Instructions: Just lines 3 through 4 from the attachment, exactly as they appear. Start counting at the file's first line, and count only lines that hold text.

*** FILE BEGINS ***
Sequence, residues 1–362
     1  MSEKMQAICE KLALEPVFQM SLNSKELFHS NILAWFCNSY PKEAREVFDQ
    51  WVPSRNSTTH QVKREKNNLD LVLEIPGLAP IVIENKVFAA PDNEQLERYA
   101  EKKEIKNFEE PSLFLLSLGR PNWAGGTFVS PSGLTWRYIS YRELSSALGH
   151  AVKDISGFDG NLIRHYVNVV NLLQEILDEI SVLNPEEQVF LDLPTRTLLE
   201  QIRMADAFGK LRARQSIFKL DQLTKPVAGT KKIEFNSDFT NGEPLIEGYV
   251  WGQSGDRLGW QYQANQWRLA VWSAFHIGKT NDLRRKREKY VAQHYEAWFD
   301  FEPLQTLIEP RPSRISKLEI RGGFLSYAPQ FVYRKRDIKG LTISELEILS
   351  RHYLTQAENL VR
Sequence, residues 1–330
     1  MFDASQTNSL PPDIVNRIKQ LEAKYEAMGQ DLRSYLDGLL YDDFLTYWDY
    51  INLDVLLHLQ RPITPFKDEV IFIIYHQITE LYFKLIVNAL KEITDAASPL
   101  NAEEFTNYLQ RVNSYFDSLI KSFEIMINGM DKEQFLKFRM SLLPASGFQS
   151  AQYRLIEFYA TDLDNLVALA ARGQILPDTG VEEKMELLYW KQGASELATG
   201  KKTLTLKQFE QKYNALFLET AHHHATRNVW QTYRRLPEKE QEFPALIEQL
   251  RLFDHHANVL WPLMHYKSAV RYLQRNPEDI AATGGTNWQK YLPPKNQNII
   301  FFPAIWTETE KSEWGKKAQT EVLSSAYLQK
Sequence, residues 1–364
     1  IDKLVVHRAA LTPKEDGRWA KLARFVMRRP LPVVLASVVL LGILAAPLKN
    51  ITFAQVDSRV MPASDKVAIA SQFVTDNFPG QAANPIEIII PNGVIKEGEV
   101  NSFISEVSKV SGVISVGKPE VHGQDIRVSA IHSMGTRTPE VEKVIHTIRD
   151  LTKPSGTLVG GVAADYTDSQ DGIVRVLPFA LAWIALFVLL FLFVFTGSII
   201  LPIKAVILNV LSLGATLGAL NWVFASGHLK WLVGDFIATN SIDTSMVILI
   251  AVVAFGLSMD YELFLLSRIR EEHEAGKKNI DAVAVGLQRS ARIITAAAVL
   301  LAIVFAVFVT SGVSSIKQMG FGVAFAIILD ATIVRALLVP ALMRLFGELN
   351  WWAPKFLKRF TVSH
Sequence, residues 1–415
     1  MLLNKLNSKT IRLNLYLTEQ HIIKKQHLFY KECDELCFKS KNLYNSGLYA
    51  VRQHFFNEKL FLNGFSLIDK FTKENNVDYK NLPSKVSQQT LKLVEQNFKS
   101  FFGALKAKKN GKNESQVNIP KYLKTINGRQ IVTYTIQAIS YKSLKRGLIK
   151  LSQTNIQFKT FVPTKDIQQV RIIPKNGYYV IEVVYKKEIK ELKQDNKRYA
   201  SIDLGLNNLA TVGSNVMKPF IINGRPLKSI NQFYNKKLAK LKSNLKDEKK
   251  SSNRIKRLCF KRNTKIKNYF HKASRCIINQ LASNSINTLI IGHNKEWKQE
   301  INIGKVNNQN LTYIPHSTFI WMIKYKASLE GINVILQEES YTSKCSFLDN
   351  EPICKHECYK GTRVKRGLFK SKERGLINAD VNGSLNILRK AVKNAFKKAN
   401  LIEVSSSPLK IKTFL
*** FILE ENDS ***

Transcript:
    51  WVPSRNSTTH QVKREKNNLD LVLEIPGLAP IVIENKVFAA PDNEQLERYA
   101  EKKEIKNFEE PSLFLLSLGR PNWAGGTFVS PSGLTWRYIS YRELSSALGH